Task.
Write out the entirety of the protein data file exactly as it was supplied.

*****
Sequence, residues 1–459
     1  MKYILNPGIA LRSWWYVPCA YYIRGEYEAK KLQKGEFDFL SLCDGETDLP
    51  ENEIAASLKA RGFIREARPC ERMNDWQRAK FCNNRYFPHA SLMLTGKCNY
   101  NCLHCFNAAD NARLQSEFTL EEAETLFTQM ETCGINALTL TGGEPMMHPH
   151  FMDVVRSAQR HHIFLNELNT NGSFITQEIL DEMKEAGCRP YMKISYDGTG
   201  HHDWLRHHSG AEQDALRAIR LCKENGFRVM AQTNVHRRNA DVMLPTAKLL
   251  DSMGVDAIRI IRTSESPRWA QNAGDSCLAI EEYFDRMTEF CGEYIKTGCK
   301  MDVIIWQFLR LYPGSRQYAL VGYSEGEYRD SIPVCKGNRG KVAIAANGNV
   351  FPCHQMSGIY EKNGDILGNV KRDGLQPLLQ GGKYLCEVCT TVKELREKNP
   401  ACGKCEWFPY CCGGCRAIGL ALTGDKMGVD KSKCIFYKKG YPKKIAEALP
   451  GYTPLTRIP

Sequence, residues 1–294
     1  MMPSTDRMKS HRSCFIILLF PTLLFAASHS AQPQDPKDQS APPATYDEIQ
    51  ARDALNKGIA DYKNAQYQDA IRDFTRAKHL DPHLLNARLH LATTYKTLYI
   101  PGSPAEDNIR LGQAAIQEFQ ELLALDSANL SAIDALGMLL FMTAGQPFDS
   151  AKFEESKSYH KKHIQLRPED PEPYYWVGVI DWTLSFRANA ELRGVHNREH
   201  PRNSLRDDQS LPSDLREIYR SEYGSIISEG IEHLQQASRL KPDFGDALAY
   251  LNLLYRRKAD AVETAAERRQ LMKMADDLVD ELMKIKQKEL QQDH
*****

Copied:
Sequence, residues 1–459
     1  MKYILNPGIA LRSWWYVPCA YYIRGEYEAK KLQKGEFDFL SLCDGETDLP
    51  ENEIAASLKA RGFIREARPC ERMNDWQRAK FCNNRYFPHA SLMLTGKCNY
   101  NCLHCFNAAD NARLQSEFTL EEAETLFTQM ETCGINALTL TGGEPMMHPH
   151  FMDVVRSAQR HHIFLNELNT NGSFITQEIL DEMKEAGCRP YMKISYDGTG
   201  HHDWLRHHSG AEQDALRAIR LCKENGFRVM AQTNVHRRNA DVMLPTAKLL
   251  DSMGVDAIRI IRTSESPRWA QNAGDSCLAI EEYFDRMTEF CGEYIKTGCK
   301  MDVIIWQFLR LYPGSRQYAL VGYSEGEYRD SIPVCKGNRG KVAIAANGNV
   351  FPCHQMSGIY EKNGDILGNV KRDGLQPLLQ GGKYLCEVCT TVKELREKNP
   401  ACGKCEWFPY CCGGCRAIGL ALTGDKMGVD KSKCIFYKKG YPKKIAEALP
   451  GYTPLTRIP

Sequence, residues 1–294
     1  MMPSTDRMKS HRSCFIILLF PTLLFAASHS AQPQDPKDQS APPATYDEIQ
    51  ARDALNKGIA DYKNAQYQDA IRDFTRAKHL DPHLLNARLH LATTYKTLYI
   101  PGSPAEDNIR LGQAAIQEFQ ELLALDSANL SAIDALGMLL FMTAGQPFDS
   151  AKFEESKSYH KKHIQLRPED PEPYYWVGVI DWTLSFRANA ELRGVHNREH
   201  PRNSLRDDQS LPSDLREIYR SEYGSIISEG IEHLQQASRL KPDFGDALAY
   251  LNLLYRRKAD AVETAAERRQ LMKMADDLVD ELMKIKQKEL QQDH